With the above baseline established for the project and a project start date of Jan 5th 2009, the first Iteration has recorded the following results:

Table 2 – Iteration 1 results

Notice that the monitoring spreadsheet is programmed to calculate the baseline project end date. Given a commencement date of Monday, Jan 5th and an expected duration of 8 iterations (each with duration of 2 calendar weeks) it is expected that the project will be complete by Fri, May 8th.

The two parameters without which EVM calculations cannot proceed are the Actual Cost for the Iteration (AC) and the actual number of points complete. In our case AC = $30,000 and the number points complete = 20.

Given the above we are now in a position to fully exploit all other EVM parameters, as follows:

  1. The number of points actually complete during this iteration equate to 10% of the total backlog (20 out of 200). We can now use this figure to derive the Iteration’s Earned Value being 10% of the total project’s value, or $320,000 x 10% = $32,000.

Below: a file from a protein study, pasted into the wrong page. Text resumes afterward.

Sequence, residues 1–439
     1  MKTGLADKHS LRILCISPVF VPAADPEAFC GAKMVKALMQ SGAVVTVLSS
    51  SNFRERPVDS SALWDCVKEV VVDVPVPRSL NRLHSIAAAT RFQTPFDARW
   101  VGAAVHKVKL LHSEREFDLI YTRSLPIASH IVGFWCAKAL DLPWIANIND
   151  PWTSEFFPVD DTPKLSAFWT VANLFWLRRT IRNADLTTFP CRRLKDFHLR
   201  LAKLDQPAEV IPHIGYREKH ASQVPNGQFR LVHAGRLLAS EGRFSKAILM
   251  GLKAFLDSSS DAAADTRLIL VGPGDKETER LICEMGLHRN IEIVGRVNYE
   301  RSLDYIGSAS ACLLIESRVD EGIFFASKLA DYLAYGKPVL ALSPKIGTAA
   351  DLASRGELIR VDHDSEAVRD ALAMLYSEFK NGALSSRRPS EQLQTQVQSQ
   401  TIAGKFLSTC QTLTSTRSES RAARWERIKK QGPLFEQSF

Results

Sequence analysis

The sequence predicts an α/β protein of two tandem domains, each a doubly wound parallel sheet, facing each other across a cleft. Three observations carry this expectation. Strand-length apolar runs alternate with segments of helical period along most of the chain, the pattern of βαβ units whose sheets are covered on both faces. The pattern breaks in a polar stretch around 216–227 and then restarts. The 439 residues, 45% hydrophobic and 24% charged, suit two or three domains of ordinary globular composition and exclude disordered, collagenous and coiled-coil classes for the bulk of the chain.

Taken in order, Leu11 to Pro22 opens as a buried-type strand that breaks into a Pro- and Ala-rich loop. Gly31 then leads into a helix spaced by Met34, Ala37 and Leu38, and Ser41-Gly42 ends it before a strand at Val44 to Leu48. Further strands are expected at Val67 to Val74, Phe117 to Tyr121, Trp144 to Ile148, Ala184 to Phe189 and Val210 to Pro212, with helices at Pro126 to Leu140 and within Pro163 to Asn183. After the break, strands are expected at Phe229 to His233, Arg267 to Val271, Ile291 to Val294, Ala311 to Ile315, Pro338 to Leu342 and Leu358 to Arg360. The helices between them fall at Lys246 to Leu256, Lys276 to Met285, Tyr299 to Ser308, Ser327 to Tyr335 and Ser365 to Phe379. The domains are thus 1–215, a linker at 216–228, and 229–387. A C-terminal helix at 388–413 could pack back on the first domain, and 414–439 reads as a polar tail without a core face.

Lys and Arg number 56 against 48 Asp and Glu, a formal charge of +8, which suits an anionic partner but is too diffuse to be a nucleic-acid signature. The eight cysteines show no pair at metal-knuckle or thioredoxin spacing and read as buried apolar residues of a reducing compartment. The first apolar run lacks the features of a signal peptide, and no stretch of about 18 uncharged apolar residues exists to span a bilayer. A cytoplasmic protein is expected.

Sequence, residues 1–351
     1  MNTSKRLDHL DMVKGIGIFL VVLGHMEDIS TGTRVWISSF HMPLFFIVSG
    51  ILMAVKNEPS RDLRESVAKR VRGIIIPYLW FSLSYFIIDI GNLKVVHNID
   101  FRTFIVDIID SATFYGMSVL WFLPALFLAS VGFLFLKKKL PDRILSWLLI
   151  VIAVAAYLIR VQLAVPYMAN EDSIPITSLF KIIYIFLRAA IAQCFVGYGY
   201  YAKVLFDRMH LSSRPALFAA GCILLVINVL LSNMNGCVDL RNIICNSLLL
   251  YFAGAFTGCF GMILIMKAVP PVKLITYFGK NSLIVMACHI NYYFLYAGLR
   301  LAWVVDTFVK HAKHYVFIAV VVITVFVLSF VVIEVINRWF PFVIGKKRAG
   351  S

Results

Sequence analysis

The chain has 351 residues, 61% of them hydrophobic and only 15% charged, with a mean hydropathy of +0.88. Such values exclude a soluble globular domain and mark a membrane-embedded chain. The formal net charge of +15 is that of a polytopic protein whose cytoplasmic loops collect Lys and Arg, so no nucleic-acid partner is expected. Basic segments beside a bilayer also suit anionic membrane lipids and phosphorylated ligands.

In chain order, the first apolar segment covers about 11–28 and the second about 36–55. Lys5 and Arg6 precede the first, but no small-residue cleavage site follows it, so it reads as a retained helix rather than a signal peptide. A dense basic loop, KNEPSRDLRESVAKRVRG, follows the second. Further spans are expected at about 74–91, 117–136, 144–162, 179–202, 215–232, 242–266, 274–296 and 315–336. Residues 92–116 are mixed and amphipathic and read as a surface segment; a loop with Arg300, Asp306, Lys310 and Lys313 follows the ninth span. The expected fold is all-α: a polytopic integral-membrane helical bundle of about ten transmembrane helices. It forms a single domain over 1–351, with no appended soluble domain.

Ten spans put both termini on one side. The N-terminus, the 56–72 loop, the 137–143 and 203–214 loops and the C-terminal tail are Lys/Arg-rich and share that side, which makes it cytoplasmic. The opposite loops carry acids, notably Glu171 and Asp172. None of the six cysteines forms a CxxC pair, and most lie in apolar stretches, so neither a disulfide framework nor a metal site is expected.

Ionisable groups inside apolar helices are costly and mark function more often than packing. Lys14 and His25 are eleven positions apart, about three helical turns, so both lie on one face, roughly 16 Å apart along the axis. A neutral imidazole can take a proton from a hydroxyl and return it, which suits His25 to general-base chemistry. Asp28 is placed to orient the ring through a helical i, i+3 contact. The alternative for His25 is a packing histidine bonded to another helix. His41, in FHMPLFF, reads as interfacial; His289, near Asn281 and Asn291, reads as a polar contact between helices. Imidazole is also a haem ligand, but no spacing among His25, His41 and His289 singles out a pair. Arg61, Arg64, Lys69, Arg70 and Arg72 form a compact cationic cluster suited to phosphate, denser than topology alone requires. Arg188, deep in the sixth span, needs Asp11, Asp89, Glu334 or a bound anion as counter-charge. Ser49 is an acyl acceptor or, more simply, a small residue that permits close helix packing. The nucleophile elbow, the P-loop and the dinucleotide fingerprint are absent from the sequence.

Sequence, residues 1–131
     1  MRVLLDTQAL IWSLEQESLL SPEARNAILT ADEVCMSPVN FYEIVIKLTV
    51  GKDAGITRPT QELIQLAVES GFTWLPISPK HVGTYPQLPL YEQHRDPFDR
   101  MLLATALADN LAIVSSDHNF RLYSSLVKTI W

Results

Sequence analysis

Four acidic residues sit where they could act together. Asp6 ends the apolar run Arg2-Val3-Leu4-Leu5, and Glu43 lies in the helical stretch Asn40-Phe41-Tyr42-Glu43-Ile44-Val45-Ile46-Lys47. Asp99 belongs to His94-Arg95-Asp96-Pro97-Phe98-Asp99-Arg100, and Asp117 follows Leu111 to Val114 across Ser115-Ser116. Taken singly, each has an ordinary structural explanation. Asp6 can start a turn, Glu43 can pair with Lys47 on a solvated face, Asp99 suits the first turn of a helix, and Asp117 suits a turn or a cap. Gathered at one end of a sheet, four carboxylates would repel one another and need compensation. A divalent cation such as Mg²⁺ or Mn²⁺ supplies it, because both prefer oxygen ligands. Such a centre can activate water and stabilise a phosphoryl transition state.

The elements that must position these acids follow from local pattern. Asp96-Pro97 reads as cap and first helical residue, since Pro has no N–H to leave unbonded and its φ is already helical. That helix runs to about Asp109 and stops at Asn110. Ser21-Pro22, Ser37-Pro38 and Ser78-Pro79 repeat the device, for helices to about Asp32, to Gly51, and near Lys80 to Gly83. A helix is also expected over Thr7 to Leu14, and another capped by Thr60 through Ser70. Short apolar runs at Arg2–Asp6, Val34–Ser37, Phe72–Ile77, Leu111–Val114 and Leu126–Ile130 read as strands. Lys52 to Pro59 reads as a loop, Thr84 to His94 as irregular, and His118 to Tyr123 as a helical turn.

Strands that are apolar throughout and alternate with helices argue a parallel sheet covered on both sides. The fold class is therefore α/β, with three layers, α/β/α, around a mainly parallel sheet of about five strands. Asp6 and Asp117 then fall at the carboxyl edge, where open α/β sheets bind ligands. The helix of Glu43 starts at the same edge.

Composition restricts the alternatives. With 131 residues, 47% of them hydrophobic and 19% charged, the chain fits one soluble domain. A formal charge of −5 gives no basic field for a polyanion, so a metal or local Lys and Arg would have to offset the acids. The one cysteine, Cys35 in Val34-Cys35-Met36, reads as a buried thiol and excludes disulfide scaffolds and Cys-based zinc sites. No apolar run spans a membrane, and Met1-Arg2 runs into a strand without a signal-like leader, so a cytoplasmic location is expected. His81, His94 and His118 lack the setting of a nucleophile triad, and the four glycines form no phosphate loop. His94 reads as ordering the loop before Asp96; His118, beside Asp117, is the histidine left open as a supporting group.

2. The remaining parameters are easily calculated as per the formulas on the left.
  3. The CPI is > 1 which implies that the value of the project’s throughput is higher than the cost of production.
  4. The SPI is < 1 which implies that the value of the project’s throughput is below the planned value.
  5. With current performance we’ll be under budget but will not be meeting the project’s scheduled completion date.

Estimated Total # of iterations at Completion is derived from dividing the total number of planned iterations (8) by the SPI (0.80). Planned completion date at this point, based on current performance, is Jun 5th.

As the 2nd Iteration was progressing is has become apparent that some key functionality has been incorrectly scoped. This has led to a re-estimation of the total project’s backlog and has resulted in the following:

Table 3 – scope change

The total scope (represented by the baseline backlog) has increased from 200 points to 250 points. This affected two of our basic baseline parameters: